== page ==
A customer requested a solution that could utilize a reusable EMI Shielding cloth to create a 50,000 volt differential for testing molded-Polyethylene utility pole crane buckets.
A customer requested a solution that could utilize a reusable EMI Shielding cloth to create a 50,000 volt differential for testing molded-Polyethylene utility pole crane buckets. The existing test method involved using water to fill the buckets as a conductive medium. However, this method was logistically problematic, very time consuming and created post-test water disposal problems.
A suitable material would have to be electrically conductive, withstand a 50Kv voltage differential between the inner and outer bucket liners as well as to incorporate a design feature to keep the voltage from arcing over the bucket lip to the outer layer. The material had to be flame retardant so as to not burn if a bucket liner failed and voltage arced through the bucket to the outside layer. Any acceptable solution had to yield a conductive cloth inner and outer sleeve that would fit each bucket shape without any gaps greater than 1/2 inch. The finished bucket liners had to be collapsible so they could be packed into a duffle bag kit. Each kit had to include a repair patch feature that would allow easy field repair of any arc-through holes that occurred during testing.
The Zippertubing Company utilized its flame-retardant, Nickel-over-Copper-plated Modacryl shield fabric known as Z-5080-CN. The outer sleeve was fitted to the Polyethylene bucket liner and held in place near the bucket lip using a 2-inch wide elastic band. The inner sleeve included multiple sewn-in, small-diameter pockets made from Zippertubing’s PVL-10 (PVC impregnated Polyester cloth). The pockets allowed ¼” diameter collapsible tent poles to be inserted, which held the inner sleeve tight against the inner bucket liner corners and walls. The top of the conductive inner sleeve had an open, elastic, nonmetallic mesh material attached that stretched up and over the bucket liner lip and was held in place using a 2-inch wide elastic band. The open elastic mesh created enough space between the inner and outer conductive sleeves to eliminate any arc-over during testing. Both the inner and outer sleeves included color coded power supply attachment tabs for easy test equipment hookup.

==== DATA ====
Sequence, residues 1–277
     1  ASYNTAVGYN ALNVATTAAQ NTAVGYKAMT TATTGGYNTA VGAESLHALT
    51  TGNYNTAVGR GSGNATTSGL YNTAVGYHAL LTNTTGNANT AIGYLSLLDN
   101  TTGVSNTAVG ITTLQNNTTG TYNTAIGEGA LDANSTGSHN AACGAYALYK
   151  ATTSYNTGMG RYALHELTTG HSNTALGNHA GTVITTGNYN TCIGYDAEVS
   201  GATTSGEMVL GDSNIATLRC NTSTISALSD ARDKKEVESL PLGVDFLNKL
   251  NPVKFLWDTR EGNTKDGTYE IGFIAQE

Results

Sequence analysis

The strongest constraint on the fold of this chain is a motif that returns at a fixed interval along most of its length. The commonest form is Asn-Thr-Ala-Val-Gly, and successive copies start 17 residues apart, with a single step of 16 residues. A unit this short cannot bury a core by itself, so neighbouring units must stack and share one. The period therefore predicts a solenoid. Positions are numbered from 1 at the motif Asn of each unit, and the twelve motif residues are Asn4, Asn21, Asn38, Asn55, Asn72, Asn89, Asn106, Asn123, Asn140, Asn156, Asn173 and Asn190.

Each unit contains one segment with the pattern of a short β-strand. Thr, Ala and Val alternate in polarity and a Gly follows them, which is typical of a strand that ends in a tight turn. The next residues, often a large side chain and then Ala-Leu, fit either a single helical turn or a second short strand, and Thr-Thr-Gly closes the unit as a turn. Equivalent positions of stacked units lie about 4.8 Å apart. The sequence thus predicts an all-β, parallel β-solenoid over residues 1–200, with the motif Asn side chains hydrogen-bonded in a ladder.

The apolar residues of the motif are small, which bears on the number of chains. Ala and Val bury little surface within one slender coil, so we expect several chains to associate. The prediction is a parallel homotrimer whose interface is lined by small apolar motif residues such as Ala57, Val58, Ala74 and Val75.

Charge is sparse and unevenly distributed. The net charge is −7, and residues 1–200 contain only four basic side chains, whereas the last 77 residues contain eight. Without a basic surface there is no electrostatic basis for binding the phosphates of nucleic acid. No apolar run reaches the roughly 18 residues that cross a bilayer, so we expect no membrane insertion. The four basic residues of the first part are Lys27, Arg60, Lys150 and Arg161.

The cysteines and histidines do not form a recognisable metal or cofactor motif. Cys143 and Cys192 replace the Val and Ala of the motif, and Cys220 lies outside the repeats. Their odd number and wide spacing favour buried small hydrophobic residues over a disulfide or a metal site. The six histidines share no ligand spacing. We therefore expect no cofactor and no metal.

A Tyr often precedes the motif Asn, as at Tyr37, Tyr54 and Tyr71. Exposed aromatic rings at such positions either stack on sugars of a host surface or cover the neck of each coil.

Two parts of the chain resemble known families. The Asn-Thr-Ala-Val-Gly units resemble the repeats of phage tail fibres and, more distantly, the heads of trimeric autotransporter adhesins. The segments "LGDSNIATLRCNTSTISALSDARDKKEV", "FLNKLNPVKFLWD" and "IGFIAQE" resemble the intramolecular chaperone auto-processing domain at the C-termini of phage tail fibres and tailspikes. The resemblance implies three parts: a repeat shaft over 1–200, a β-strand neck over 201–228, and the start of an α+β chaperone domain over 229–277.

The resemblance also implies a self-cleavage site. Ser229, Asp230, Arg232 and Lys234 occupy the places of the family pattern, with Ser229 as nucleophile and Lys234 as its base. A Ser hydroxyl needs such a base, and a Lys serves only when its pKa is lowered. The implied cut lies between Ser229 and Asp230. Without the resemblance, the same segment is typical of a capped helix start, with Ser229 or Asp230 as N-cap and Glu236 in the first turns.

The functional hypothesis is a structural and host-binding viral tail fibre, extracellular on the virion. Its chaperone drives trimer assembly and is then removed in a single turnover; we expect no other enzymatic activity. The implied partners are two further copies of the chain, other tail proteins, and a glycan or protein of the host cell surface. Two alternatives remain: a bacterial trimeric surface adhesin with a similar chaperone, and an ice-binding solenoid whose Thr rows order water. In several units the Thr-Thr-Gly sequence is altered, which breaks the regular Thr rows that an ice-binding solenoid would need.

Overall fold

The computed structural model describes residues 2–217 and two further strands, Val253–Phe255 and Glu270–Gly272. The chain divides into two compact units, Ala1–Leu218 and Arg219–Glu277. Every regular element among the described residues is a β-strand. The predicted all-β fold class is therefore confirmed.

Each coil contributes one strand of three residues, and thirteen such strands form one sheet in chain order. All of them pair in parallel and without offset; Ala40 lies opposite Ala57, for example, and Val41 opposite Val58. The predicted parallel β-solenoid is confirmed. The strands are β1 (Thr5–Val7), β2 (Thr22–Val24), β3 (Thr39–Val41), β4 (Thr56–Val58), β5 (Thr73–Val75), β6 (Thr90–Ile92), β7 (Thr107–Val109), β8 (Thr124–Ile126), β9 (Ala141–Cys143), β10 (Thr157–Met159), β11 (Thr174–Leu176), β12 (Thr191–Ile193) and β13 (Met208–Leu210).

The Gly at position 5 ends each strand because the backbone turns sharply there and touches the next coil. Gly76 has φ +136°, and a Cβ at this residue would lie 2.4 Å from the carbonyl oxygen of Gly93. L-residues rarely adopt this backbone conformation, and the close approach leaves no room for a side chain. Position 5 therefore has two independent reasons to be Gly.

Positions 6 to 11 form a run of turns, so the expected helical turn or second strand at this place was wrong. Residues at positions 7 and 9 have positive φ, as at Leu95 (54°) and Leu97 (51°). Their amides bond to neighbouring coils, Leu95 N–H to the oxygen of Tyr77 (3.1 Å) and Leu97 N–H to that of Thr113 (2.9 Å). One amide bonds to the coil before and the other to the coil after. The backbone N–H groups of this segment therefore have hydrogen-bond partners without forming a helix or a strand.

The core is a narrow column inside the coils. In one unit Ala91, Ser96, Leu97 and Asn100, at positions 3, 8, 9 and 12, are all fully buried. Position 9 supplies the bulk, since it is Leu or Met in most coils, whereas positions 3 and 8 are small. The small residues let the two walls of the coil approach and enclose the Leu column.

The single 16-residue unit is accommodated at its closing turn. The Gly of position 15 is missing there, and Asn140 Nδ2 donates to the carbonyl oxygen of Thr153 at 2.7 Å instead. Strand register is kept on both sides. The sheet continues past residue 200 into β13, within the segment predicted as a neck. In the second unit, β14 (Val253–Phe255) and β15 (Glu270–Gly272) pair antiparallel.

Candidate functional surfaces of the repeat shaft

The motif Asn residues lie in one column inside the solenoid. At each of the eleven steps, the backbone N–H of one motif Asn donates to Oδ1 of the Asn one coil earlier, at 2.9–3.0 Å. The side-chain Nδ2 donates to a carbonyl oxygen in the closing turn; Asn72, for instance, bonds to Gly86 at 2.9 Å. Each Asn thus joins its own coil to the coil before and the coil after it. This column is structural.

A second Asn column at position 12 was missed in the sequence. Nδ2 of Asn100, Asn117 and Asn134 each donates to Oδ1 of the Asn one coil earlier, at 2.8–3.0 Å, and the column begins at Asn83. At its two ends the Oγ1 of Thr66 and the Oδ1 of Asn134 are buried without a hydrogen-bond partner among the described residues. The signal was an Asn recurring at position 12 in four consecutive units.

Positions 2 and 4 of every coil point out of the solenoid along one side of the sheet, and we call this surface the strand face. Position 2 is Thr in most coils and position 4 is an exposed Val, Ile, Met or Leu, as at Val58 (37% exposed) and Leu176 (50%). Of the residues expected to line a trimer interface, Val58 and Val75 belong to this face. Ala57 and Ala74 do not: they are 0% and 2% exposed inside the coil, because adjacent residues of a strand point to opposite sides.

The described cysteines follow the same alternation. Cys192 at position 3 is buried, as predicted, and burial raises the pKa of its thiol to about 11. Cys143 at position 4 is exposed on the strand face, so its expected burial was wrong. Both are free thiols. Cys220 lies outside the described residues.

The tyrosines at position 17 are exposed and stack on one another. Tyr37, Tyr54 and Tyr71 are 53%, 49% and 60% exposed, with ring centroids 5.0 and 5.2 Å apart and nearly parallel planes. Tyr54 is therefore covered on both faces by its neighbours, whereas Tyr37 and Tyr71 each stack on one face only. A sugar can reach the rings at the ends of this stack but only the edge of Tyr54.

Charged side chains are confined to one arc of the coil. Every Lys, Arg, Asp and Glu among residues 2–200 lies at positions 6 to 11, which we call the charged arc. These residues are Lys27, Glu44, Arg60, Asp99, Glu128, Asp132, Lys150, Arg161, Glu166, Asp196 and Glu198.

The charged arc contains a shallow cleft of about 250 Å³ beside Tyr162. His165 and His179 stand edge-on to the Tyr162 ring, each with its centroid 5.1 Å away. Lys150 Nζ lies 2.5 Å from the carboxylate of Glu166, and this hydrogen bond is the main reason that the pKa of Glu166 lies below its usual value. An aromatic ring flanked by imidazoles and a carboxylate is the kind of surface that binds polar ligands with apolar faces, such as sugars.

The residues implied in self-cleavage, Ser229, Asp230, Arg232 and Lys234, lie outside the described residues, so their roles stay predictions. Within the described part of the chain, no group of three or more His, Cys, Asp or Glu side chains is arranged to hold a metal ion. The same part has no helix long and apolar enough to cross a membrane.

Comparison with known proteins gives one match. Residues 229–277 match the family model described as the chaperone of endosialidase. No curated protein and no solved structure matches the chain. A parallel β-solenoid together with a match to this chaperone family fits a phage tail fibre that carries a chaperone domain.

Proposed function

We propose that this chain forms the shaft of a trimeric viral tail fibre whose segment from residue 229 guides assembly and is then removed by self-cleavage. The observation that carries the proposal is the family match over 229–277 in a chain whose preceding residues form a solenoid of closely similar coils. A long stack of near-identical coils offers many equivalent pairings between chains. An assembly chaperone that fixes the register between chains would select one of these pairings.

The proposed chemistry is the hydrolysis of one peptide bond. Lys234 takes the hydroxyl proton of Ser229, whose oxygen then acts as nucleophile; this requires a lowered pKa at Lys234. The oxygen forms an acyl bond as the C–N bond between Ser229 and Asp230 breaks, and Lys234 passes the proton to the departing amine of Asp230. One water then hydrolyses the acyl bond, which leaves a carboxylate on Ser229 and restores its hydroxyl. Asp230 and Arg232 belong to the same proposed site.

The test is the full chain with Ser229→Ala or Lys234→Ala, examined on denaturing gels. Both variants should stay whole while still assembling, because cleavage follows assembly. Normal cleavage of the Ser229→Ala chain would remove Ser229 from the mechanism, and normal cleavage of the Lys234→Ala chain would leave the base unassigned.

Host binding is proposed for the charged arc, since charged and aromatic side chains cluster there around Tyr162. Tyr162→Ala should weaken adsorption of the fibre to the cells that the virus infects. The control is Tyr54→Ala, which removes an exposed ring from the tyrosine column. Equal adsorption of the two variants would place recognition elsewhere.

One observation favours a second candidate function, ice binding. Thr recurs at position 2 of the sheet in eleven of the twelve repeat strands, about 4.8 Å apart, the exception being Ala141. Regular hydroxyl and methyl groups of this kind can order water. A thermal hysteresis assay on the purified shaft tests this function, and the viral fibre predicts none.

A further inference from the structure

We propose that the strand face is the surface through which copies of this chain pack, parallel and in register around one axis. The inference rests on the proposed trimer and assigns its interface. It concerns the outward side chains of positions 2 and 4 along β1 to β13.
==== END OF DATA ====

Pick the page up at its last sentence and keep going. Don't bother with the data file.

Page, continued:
The solution above was tested by the customer’s test personnel at The Zippertubing Company manufacturing facility and proved that the system could replace the existing water-based test methodology. Portable test kits were fabricated, including tent poles, pole spacer blocks and conductive material repair patches. These kits made it possible to conduct the test in the field at the bucket location. It eliminated the shipping time delay involved with sending buckets to and from the test facility. It also eliminated the need for the disposal of large amounts of test water that the EPA considered hazardous. If you have what seems to be an impossible design problem, contact Zippertubing for an innovative solution!